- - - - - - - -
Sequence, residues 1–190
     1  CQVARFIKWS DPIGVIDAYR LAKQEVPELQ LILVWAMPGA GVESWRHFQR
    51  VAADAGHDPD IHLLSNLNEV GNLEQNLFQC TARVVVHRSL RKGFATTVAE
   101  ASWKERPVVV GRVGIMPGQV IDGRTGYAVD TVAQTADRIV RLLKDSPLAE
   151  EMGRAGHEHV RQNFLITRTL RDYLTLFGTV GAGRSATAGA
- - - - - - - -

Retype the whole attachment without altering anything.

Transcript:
Sequence, residues 1–190
     1  CQVARFIKWS DPIGVIDAYR LAKQEVPELQ LILVWAMPGA GVESWRHFQR
    51  VAADAGHDPD IHLLSNLNEV GNLEQNLFQC TARVVVHRSL RKGFATTVAE
   101  ASWKERPVVV GRVGIMPGQV IDGRTGYAVD TVAQTADRIV RLLKDSPLAE
   151  EMGRAGHEHV RQNFLITRTL RDYLTLFGTV GAGRSATAGA